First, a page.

It was during my time at First Baptist that my uncle raped my mother; the same uncle whom, decades later, MacFarlane would preach into Heaven. Jack knew the trauma I had experienced in my life: my mother’s repeated suicides, constant moves, and horrific dysfunction. Yet, I faithfully showed up for church Sunday after Sunday. I loved Jesus and the Word of God. Jack could have offered me a helping hand, but he did nothing. The only people in the church who genuinely tried to help me were Marv and Louise Hartman. And even then, after Louise got wind of my deconversion in 2008, she sent me a scathing letter, saying I was under the influence of Satan. Her words deeply wounded me. Our four-decade friendship did not survive.

MacFarlane, who has never experienced life outside of the narrow confines of Independent Fundamentalist Baptist Christianity, evidently has no idea why Cartwright — if she indeed does — doesn’t believe in God. He’s seemingly unaware of the various arguments against the existence of God. I was asked yesterday to list the primary reasons I don’t believe in God. I replied: the problem of evil, the problem of suffering, and the hiddenness of God. People who have experienced trauma in their lives will often say that these things (and others) are reasons why they don’t believe in the existence of the Christian deity. MacFarlane pays no mind to these powerful arguments against the existence of God. Just “believe” and all will be well.

Many of the people I knew back in my First Baptist days are dead and gone or have moved away. That said, I do know a few people that currently attend the church. I can confidently say that MacFarlane’s “all you need is Jesus” prescription has miserably failed. The lives of the people he pastors (and perhaps his own) are just as messy as those of the unwashed, uncircumcised Philistines of the World.

I am glad that people have others to talk to when they are hurting. Friendship goes a long way in helping us find stability in rocky times. But, how much better would it be if a person was able to go to JESUS, their Lord and Savior, and cry out to Him in their time of need?

….

Saved and lost alike experience grief, whether it be by death from natural causes or terrible tragedy. The difference is that the lost have to emotionally manufacture hope and good feelings. Their grief is placated through talking, counseling, medications, addictions, and a host of other things.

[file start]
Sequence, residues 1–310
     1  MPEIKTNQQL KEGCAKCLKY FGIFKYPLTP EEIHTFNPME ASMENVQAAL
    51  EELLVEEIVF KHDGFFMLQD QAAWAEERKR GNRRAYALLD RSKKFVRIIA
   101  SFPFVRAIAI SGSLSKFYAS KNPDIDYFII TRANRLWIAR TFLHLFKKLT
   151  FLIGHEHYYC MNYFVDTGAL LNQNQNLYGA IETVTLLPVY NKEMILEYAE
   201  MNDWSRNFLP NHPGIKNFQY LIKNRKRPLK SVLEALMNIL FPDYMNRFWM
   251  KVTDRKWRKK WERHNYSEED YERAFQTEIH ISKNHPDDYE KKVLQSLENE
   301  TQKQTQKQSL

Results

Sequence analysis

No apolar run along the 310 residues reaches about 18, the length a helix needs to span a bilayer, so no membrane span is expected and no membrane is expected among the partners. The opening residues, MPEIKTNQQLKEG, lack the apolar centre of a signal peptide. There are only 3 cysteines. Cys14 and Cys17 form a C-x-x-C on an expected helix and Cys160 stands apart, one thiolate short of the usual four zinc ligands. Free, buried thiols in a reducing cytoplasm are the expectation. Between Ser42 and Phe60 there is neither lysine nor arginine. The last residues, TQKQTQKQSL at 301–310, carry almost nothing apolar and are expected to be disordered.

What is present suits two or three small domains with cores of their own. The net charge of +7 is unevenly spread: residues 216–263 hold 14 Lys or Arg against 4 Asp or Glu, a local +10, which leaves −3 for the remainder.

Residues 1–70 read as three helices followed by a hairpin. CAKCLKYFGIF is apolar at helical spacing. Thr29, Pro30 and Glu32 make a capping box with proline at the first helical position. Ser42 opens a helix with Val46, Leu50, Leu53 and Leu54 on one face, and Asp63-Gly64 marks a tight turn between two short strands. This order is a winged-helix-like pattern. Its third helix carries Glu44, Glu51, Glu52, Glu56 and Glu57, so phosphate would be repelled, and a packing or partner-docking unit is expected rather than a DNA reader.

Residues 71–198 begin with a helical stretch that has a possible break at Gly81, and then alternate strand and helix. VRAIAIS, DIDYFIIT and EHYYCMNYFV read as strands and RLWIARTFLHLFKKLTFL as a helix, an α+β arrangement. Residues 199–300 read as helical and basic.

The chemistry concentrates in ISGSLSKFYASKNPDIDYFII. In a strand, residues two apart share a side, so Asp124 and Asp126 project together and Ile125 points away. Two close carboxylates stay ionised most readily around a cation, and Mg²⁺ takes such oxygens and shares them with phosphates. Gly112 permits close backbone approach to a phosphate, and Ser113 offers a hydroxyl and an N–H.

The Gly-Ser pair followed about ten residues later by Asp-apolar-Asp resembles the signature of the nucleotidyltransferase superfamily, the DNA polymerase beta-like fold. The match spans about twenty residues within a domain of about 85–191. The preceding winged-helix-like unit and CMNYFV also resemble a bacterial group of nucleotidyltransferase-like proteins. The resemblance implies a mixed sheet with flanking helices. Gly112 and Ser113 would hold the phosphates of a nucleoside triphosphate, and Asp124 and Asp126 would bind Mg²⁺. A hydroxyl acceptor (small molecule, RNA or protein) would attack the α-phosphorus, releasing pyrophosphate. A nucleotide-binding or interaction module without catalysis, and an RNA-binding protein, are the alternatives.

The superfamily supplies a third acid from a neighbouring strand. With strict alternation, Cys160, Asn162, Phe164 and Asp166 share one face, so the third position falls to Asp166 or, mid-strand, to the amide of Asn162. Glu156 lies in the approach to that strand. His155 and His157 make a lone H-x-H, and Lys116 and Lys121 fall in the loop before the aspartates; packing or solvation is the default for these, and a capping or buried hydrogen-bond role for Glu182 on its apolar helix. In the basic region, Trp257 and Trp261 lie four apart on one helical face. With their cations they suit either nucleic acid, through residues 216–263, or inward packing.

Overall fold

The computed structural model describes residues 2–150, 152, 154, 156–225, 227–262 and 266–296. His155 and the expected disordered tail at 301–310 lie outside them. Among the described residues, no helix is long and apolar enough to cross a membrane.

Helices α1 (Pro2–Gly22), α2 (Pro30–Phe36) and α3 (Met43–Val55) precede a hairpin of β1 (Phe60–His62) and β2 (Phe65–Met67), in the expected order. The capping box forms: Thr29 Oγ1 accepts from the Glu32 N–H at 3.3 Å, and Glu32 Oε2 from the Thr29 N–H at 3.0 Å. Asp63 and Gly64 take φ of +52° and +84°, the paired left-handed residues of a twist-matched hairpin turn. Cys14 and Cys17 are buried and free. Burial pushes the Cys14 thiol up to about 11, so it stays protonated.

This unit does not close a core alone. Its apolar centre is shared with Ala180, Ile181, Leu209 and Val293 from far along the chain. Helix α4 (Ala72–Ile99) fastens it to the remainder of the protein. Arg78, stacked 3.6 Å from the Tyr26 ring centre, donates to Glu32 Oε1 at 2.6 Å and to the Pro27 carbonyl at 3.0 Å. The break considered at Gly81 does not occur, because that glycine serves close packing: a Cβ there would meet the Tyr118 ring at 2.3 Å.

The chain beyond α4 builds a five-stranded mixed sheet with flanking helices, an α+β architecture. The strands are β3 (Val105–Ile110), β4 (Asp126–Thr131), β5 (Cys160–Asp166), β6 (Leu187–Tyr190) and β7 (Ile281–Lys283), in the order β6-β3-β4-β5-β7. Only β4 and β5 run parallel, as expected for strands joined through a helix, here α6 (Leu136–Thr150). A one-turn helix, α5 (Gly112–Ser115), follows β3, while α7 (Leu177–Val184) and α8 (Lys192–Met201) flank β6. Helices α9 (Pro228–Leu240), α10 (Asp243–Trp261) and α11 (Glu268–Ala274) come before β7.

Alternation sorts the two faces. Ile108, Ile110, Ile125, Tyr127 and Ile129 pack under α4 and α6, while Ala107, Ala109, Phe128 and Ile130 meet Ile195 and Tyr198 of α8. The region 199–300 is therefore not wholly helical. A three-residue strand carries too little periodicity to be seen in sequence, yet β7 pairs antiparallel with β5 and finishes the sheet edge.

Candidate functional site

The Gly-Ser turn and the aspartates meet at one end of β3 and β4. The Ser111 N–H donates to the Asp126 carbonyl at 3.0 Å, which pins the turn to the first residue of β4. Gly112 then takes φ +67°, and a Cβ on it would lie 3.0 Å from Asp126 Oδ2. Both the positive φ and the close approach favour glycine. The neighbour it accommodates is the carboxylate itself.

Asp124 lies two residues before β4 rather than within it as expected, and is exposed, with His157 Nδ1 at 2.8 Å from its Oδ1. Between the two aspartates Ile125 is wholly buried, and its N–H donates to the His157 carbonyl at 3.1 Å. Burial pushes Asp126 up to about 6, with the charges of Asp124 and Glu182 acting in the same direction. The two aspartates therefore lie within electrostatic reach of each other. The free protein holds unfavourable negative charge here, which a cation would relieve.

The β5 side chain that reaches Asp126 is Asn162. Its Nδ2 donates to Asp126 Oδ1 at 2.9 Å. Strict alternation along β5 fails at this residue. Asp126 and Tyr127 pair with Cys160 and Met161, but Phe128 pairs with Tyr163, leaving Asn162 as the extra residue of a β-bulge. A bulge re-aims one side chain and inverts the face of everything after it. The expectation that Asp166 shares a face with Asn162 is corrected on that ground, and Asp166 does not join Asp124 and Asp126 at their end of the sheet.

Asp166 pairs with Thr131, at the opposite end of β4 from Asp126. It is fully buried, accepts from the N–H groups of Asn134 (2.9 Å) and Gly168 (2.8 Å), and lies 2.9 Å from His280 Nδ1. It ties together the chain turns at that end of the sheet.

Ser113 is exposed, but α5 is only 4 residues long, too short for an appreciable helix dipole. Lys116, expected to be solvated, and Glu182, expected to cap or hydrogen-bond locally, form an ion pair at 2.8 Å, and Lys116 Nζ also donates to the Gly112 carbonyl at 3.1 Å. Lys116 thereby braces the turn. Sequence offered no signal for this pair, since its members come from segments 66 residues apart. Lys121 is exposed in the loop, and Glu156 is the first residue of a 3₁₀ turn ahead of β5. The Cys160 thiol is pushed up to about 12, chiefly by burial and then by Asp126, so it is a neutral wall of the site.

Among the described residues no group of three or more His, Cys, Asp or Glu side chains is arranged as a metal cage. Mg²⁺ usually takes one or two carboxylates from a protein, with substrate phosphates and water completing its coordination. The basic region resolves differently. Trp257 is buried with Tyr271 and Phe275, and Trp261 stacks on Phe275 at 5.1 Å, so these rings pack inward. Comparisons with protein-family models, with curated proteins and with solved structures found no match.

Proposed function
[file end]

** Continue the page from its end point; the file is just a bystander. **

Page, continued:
While MacFarlane grudgingly admits talking to a “friend” can be helpful, he asserts it would be much better if everyone cried out to Jesus in their time of need. MacFarlane, of course, mentions nothing about seeking help from competent secular counselors. He doesn’t believe in such things. JESUS is the answer to every question, the solution to every problem.

Following MacFarlane’s dangerous, harmful advice, people cry out to Jesus, pleading and begging for help. And when Jesus does what he always does — nothing — then what? Pray harder? Read more Bible verses?

MacFarlane says that non-Christians “emotionally manufacture hope and good feelings; that they placate their grief through talking, counseling, medications, addictions, and a host of other things.” In what way are Christians any different? Don’t they use religious beliefs and practices to manufacture hope and good feelings? In 1843, Karl Marx wrote:

The foundation of irreligious criticism is: Man makes religion, religion does not make man. Religion is, indeed, the self-consciousness and self-esteem of man who has either not yet won through to himself, or has already lost himself again. But man is no abstract being squatting outside the world. Man is the world of man – state, society. This state and this society produce religion, which is an inverted consciousness of the world, because they are an inverted world. Religion is the general theory of this world, its encyclopaedic compendium, its logic in popular form, its spiritual point d’honneur, its enthusiasm, its moral sanction, its solemn complement, and its universal basis of consolation and justification. It is the fantastic realization of the human essence since the human essence has not acquired any true reality. The struggle against religion is, therefore, indirectly the struggle against that world whose spiritual aroma is religion.